After reading John Bowlin’s book Tolerance among the Virtues, my idea of tolerance has shifted. Prior to reading John’s text, I saw tolerance as an ethically weak practice lauded by political and religious liberals, often involving a paternalistic and accommodating attitude toward “others” who are imagined as not having the moral capacity to critically discern right action. John offers a different account of tolerance that is exacting and rigorous, an account that does not easily succumb to my current idea of this term. I want to talk about what I believe John gets right in his book and also raise some lingering questions.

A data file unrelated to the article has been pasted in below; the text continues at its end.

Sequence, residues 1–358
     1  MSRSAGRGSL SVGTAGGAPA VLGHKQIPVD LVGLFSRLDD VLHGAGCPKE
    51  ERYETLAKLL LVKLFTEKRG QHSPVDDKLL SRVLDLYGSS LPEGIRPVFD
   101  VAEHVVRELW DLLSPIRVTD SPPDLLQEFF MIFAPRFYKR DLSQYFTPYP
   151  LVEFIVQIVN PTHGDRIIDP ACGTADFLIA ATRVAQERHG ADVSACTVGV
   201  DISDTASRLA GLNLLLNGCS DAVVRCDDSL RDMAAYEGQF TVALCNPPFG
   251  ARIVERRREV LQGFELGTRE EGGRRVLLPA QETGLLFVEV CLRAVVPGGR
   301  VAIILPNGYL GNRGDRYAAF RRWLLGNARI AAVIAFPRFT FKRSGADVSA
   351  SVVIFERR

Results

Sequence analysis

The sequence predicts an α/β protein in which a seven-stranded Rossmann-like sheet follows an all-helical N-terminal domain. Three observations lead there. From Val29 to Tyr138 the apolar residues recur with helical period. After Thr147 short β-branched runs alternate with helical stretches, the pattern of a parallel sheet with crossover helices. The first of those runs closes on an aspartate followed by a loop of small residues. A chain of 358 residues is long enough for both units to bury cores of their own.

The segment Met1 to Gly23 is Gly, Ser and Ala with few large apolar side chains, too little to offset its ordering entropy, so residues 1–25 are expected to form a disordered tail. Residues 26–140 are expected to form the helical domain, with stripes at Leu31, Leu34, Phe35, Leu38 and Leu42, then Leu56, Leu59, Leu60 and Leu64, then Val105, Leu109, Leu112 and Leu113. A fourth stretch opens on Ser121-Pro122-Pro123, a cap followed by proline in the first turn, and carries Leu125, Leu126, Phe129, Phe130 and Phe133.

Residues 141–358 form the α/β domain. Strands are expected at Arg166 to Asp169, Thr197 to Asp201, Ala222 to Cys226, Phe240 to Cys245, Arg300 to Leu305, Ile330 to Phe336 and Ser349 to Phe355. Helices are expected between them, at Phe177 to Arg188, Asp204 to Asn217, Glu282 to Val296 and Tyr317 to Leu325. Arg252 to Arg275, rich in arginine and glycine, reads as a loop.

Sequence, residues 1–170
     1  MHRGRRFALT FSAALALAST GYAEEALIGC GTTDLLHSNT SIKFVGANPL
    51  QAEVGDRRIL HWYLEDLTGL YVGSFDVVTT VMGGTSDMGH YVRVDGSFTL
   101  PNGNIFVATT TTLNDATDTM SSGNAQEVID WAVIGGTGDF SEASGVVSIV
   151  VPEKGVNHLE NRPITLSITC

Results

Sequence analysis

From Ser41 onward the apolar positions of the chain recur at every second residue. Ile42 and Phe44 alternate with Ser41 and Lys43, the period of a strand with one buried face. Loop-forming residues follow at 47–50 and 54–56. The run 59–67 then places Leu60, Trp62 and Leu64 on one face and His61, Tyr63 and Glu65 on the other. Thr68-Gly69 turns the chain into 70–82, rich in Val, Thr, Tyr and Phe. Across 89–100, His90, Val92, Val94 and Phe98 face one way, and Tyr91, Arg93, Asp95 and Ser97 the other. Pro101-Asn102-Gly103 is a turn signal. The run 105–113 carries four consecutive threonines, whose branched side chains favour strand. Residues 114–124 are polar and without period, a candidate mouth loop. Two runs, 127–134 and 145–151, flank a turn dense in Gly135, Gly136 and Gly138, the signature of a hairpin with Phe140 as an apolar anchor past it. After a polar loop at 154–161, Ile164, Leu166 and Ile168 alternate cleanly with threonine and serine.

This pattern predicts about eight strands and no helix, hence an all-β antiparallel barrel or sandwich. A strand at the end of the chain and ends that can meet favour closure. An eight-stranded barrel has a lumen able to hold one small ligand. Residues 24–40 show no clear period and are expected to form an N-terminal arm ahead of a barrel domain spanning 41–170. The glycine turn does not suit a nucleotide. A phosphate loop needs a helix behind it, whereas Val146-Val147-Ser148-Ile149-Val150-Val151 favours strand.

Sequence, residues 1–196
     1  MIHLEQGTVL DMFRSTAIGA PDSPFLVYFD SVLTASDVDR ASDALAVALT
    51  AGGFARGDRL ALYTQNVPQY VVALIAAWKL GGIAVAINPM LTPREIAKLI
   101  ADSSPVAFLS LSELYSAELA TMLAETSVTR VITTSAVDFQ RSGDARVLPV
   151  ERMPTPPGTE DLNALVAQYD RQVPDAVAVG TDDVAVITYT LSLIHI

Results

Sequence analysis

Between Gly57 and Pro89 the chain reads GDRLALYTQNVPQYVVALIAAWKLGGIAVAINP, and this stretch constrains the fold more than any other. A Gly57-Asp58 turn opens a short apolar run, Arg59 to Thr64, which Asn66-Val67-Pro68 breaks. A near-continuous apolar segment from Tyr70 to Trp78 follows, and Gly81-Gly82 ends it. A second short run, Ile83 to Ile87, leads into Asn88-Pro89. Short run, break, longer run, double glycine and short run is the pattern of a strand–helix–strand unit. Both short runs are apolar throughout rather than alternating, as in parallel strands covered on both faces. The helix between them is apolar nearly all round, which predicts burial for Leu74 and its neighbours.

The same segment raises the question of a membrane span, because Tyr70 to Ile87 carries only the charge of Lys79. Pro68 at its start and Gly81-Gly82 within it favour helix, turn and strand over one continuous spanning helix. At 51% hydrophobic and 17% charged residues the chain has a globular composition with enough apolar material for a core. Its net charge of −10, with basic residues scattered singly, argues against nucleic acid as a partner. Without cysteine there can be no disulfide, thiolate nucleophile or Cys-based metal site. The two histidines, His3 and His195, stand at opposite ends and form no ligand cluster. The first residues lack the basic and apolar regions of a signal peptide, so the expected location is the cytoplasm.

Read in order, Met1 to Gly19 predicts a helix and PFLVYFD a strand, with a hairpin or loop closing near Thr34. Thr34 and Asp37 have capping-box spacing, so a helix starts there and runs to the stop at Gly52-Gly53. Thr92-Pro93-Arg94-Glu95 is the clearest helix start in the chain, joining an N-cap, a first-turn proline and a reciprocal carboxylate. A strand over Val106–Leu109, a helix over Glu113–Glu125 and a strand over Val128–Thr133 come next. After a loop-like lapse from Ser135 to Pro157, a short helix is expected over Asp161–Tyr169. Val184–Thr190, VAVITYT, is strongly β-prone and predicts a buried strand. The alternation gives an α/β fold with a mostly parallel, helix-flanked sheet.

In the introduction, John asks us to rethink our assumptions surrounding tolerance as either a liberal virtue that sponsors democratic exchange or a vice that is oriented toward political utilitarianism. He agrees that when tolerant acts are merely signs of indifference or political calculation, in service to individual freedom or liberal autonomy, it is hard to speak of toleration as an ethical practice that helps us experience moral growth. Instead, John wants us to see tolerance as a virtue that belongs to the sphere of justice and perfects the work of love. This is his thesis. Although he employs a highly analytical method in his discussion of tolerance, John’s thesis has practical importance, as we must find ways to talk about loving and compassionate responses to serious disagreements and objectionable differences (8). And he spends the rest of his time in the book unfolding this argument, attempting to provide evidence that might point to why his account of tolerance is more intellectually honest and rigorous.